New Zealand welcomes back first cruise ship since COVID hit
New Zealand on Friday welcomed the first cruise ship to return since the coronavirus pandemic began, signaling a long-sought return to normalcy for the nations tourism industry.New Zealand closed its borders in early 2020 as it sought at first to eliminate COVID-19 entirely and then later to control its spread.
- New Zealand
New Zealand on Friday welcomed the first cruise ship to return since the coronavirus pandemic began, signaling a long-sought return to normalcy for the nation's tourism industry.
New Zealand closed its borders in early 2020 as it sought at first to eliminate COVID-19 entirely and then later to control its spread. Although the country reopened its borders to most tourists arriving by plane in May, it wasn't until two weeks ago that it lifted all remaining restrictions, including those on maritime arrivals.
Many in the cruise industry question why it took so long. The end of restrictions allowed Carnival Australia's Pacific Explorer cruise ship to dock in Auckland with about 2,000 passengers and crew Friday morning as part of a 12-day return trip to Fiji that left from Sydney. “Amazing, isn't it?” Tourism Minister Stuart Nash said in an interview with The Associated Press. “Its another step in the reopening of our borders and a step closer to resuming business as usual.” Nash said it would take some time for international tourist numbers and revenue to return to their pre-pandemic levels, when the industry accounted for about 20% of New Zealand's foreign income and more than 5% of GDP.
“I think there's been many people in the tourism sector who have done it hard over the last two years,” Nash said. “But we've always taken an approach where we need to ensure that we get the health response right. Because if we don't, we know the consequences are dire.” Not everybody is happy with the return of tourists. A sailboat carrying protesters upset about the industry's impact on the environment followed the Pacific Explorer into the harbor Friday, before passengers were greeted with an Indigenous Maori welcome and a visit by Prime Minister Jacinda Ardern.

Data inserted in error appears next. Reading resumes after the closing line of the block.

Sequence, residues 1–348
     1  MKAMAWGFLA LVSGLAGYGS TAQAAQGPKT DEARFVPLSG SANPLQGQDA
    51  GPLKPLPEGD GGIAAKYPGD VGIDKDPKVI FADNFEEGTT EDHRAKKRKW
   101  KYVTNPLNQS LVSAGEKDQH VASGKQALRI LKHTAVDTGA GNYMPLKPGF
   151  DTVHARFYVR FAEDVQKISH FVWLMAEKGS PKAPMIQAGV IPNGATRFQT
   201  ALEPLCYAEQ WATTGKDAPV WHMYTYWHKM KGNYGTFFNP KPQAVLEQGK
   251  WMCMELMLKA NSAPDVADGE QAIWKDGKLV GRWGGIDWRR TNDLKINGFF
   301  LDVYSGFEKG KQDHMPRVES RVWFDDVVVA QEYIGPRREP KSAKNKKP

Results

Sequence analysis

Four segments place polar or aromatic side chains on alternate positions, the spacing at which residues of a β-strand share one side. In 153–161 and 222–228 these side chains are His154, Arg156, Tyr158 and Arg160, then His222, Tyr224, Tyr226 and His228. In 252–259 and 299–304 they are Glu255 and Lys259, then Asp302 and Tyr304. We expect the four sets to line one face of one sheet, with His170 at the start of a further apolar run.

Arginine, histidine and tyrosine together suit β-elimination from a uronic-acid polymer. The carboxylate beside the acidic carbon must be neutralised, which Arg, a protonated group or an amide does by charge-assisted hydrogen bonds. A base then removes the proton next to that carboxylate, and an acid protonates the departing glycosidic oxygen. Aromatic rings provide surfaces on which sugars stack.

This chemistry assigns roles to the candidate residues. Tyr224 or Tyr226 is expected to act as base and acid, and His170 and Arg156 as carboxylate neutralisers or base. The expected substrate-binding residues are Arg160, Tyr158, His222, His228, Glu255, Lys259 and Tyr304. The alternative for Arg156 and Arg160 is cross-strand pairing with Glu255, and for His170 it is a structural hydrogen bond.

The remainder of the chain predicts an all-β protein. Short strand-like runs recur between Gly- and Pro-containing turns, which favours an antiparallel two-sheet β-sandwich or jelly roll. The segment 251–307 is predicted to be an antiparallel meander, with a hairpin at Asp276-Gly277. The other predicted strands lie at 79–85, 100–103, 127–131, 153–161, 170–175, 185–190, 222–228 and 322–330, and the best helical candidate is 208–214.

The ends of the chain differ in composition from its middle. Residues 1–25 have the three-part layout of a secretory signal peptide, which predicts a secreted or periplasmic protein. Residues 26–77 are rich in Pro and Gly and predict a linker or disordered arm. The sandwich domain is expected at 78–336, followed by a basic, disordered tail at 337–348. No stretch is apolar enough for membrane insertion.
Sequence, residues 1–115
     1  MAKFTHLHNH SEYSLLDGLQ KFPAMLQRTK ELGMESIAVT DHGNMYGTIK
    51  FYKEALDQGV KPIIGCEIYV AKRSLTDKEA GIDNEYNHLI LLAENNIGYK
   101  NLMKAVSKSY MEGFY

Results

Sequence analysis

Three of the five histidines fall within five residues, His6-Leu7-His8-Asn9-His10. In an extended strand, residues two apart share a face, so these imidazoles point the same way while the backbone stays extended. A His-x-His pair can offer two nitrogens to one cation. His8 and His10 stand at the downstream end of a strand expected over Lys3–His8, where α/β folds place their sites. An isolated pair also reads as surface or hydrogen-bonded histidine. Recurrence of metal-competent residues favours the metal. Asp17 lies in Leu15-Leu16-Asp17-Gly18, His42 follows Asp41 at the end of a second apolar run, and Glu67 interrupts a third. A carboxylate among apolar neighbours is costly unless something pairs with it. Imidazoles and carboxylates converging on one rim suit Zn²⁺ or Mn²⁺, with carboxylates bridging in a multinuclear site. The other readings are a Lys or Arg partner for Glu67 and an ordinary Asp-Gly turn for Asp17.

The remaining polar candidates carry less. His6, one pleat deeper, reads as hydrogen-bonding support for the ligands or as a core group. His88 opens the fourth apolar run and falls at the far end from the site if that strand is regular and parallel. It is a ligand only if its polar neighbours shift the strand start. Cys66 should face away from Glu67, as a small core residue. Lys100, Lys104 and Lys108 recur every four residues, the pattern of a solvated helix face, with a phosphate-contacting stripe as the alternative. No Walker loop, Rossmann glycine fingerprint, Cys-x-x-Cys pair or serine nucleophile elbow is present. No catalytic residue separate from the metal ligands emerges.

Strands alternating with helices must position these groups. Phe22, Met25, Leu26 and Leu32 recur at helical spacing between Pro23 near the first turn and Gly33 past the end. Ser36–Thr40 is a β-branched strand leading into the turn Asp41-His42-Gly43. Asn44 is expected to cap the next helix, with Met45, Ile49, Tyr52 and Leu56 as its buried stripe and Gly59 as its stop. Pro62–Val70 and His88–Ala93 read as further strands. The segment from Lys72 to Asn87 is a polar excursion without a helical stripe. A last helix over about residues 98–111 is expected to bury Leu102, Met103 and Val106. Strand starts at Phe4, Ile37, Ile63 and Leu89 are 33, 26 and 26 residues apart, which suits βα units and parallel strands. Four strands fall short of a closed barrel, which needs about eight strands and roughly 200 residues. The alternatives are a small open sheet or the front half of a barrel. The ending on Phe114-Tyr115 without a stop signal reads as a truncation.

Nash said the pause in tourism had given the nation a chance to reset its priorities. One of those was to go after what he described as wealthier “high quality” tourists who would stay longer and have a story to tell when they returned home.
“We are not targeting the guys that come over and put up on Facebook, Hey, travel around New Zealand on $10 a day living on 2-minute noodles,'” Nash said.
He said another goal was to move away from the perception that people working in the industry would be subject to long hours and low wages, and to make it a more rewarding and aspirational career.
Nash said that with airline tickets more expensive and travelers more risk-averse than before the pandemic, tourism numbers could remain subdued for a while, but he thought the industry would eventually make a strong comeback.
“I see markets like the United States being a really important market for New Zealand,” he said. “There's been $2 trillion saved in the States over and above that which would have been saved if it hadn't been for COVID. So, there's a little bit of money floating around.”
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